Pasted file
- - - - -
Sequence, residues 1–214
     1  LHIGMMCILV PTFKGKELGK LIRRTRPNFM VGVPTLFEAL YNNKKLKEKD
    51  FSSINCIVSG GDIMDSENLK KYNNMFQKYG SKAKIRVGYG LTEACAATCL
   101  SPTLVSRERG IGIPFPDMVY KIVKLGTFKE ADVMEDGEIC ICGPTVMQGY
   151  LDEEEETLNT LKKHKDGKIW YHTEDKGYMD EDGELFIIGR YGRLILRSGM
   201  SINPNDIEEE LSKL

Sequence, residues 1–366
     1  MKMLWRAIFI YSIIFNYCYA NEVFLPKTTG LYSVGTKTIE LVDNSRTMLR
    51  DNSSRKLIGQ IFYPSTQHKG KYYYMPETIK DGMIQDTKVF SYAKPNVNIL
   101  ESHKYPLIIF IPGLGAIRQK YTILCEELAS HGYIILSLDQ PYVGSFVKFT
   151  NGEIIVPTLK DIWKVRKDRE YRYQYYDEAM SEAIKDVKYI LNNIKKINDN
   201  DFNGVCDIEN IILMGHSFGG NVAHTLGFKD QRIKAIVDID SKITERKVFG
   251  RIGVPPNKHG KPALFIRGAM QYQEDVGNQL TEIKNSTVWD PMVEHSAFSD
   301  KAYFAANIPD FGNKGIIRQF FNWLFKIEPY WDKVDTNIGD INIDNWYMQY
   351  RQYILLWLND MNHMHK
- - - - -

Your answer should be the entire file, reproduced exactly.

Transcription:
Sequence, residues 1–214
     1  LHIGMMCILV PTFKGKELGK LIRRTRPNFM VGVPTLFEAL YNNKKLKEKD
    51  FSSINCIVSG GDIMDSENLK KYNNMFQKYG SKAKIRVGYG LTEACAATCL
   101  SPTLVSRERG IGIPFPDMVY KIVKLGTFKE ADVMEDGEIC ICGPTVMQGY
   151  LDEEEETLNT LKKHKDGKIW YHTEDKGYMD EDGELFIIGR YGRLILRSGM
   201  SINPNDIEEE LSKL

Sequence, residues 1–366
     1  MKMLWRAIFI YSIIFNYCYA NEVFLPKTTG LYSVGTKTIE LVDNSRTMLR
    51  DNSSRKLIGQ IFYPSTQHKG KYYYMPETIK DGMIQDTKVF SYAKPNVNIL
   101  ESHKYPLIIF IPGLGAIRQK YTILCEELAS HGYIILSLDQ PYVGSFVKFT
   151  NGEIIVPTLK DIWKVRKDRE YRYQYYDEAM SEAIKDVKYI LNNIKKINDN
   201  DFNGVCDIEN IILMGHSFGG NVAHTLGFKD QRIKAIVDID SKITERKVFG
   251  RIGVPPNKHG KPALFIRGAM QYQEDVGNQL TEIKNSTVWD PMVEHSAFSD
   301  KAYFAANIPD FGNKGIIRQF FNWLFKIEPY WDKVDTNIGD INIDNWYMQY
   351  RQYILLWLND MNHMHK